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ChangingMinds Blog! > Blog Archive > 04-Sep-09

 


Friday 04-September-09

The British Eccentric

Whilst eccentricity is common in many forms around the world, many people think about the British when the word is mentioned. But what is the British Eccentric? First, it is about being British. To be British (more specifically, English), is not to have been conquered for 1000 years. It also is about having beaten up other European countries for centuries and amassing a global empire not seen before or since.

With this cultural background, the British-Eccentric is quietly and supremely confident. They have nothing to prove and nothing they want to gain. They do not seek the desperate approval of others, who they know (and have proven in countless battles) are inferior. Importantly, to be a British eccentric is not to look down on others. The Britishness is so ingrained they do not consciously think about superiority in either direction. This leads them not to need others? approval and not to mind about their disapproval, so opening the gates to individual expression.

The British Eccentric is a self-contained unit, bolstered by history and happy to explore and express their inner selves, which they find fascinating and, often, amusing. Their inner child is not quashed but partakes merrily in the fun. Where they do interact with others, the reactions of people to their eccentricity is both a subject of fascination and a mark of the person: those who accept them are in turn accepted. Those who reject the eccentric are quietly ignored.

Many eccentrics live relatively 'normal' lives and can pass themselves off without notice when they so choose. They also tend to have interesting hobbies -- often several of them, which they pursue with a passion. When I tell people how much I read and write, many are surprised, though I consider the whole thing very enjoyable. When I dress slightly differently, like wearing a tweed cap in London or a zoot suit in Skipton, I find the whole psychology of how people see and interact with me as quite fascinating. I also find myself quite curious. Whilst I have a normal job and normal friends, I have never sought to be at the centre of groups, preferring instead the independence afforded by existing more at the periphery. One of the benefits is that it allows me to be more creative, a subject I have written quite a lot about.

A useful benefit about being slightly eccentric when changing minds is that people aren't quite sure about you, so they loosen the rules for you, allowing you greater social leeway. It also means they will pay more attention to you because they are not quite sure what you might do next. Too eccentric, of course, and they will fight or flight, so it needs to be a careful game. I do not seek to scare people -- all I want is for them to listen and think and, if they want, think a bit differently about things.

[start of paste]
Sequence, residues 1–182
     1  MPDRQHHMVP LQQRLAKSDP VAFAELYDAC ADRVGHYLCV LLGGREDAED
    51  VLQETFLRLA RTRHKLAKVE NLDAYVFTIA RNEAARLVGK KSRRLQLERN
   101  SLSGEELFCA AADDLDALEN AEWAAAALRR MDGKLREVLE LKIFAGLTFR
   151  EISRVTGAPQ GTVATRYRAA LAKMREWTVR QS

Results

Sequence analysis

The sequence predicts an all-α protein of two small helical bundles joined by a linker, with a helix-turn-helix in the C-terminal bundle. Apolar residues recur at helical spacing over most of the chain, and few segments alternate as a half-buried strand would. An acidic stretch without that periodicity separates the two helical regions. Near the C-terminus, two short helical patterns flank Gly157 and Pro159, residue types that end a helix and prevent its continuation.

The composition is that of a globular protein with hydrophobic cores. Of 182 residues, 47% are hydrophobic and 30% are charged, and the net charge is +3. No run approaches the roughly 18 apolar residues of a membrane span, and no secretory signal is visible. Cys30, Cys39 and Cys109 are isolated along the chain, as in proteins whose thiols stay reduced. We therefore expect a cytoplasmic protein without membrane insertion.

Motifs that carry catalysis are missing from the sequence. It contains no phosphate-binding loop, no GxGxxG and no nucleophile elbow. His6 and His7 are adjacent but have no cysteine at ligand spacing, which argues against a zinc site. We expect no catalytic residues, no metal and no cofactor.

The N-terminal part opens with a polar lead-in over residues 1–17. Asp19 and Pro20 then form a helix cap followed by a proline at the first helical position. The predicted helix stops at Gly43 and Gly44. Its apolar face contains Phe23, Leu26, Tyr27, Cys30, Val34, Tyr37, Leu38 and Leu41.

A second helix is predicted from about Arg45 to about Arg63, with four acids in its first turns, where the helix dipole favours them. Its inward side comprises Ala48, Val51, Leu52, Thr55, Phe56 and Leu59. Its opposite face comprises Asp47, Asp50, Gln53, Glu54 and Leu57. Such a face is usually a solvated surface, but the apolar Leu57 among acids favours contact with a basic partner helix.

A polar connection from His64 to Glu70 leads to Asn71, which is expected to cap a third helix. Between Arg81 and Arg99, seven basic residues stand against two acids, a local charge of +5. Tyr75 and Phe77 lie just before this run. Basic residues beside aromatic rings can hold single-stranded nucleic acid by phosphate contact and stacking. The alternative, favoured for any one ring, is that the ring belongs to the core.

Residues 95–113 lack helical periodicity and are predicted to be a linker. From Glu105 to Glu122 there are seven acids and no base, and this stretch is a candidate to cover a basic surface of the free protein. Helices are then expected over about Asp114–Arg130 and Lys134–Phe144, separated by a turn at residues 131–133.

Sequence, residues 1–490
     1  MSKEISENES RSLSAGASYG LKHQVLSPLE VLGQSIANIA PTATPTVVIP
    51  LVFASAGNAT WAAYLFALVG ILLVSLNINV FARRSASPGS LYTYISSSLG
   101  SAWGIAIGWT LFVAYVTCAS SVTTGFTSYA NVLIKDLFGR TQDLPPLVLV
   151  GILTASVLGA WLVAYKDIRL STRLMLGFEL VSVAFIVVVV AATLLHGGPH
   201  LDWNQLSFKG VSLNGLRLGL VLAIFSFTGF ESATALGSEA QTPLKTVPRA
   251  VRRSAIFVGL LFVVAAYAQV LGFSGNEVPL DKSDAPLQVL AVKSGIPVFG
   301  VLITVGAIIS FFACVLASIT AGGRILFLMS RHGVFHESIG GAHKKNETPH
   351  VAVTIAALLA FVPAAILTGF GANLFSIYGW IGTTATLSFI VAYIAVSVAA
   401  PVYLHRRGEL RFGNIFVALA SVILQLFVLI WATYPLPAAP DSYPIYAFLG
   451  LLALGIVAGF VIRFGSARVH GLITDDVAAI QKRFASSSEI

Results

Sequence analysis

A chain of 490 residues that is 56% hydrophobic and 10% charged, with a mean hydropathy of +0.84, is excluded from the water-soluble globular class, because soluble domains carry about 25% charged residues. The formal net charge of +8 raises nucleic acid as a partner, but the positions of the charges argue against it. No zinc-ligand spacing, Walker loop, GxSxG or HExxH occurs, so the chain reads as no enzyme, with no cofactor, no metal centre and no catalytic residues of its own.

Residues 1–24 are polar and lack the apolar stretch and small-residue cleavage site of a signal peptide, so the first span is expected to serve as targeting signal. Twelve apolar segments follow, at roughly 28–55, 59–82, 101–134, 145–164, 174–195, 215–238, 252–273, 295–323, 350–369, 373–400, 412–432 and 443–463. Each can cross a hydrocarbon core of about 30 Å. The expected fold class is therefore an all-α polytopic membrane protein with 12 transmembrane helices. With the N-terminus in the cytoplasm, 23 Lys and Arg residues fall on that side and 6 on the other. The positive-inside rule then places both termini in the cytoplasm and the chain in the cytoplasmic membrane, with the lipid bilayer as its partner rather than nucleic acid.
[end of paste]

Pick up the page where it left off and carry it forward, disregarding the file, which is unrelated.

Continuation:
Of course there are degrees of eccentricity and some live further out on the fringes. Which is just fine, because they are likely happier than most of us and generally do no harm to others. The aristocracy is known for its eccentrics, some of whom are described here. Being rich can help in that it allows one to indulge in obsessions and often forbids direct criticism or getting locked up. Those who are not so fortunate are sometimes called weird, a term that means 'not like me and as good as me'. But if they can withstand such labelling, they too can be happy in their individuality.

See more about eccentrics here. It's the site of the London Eccentrics Club, of which, perhaps unsurprisingly, I happen to be a member.


Your comments


Very interesting- hopefully people don t go out of their way, just to be eccentric, when they are in the club.

-- Michael


Dave replies:
There are many reasons for eccentricity and some people do exaggerate themselves some when they are in the club. But you know it doesn't really matter as a core part of the club is to accept people as they are. In an atmosphere of gentle acceptance, everyone eventually relaxes and you get to meet the inner person, which is often most refreshing for all.


Jane tells you Sarah is eccentric. You know nothing about Sarah, you only know what Jane thinks of Sarah. I think to see anyone as eccentric is only a mark of social conditioning at work, an inter quest to find out who I am in relation to others. A comparison aimed to establish myself as 'OK' or 'not OK'. Being open to not knowing who is 'normal' or 'not normal', including yourself, makes the world a really beautiful place and life a real adventure. But then again, I have been told I am eccentric, so what the hell would i know... or care! :0) Great Site!

-- Pema


Dave replies:
You're right, Pema. Calling people 'eccentric' does not make them so. It is but a device to say 'I am not like you'. And because I have to feel good about myself, you must therefore be inferior to me. What many miss is that eccentrics don't care. They have conquered the desire that rules the lives of most other people: the desire to be admired by others.

 


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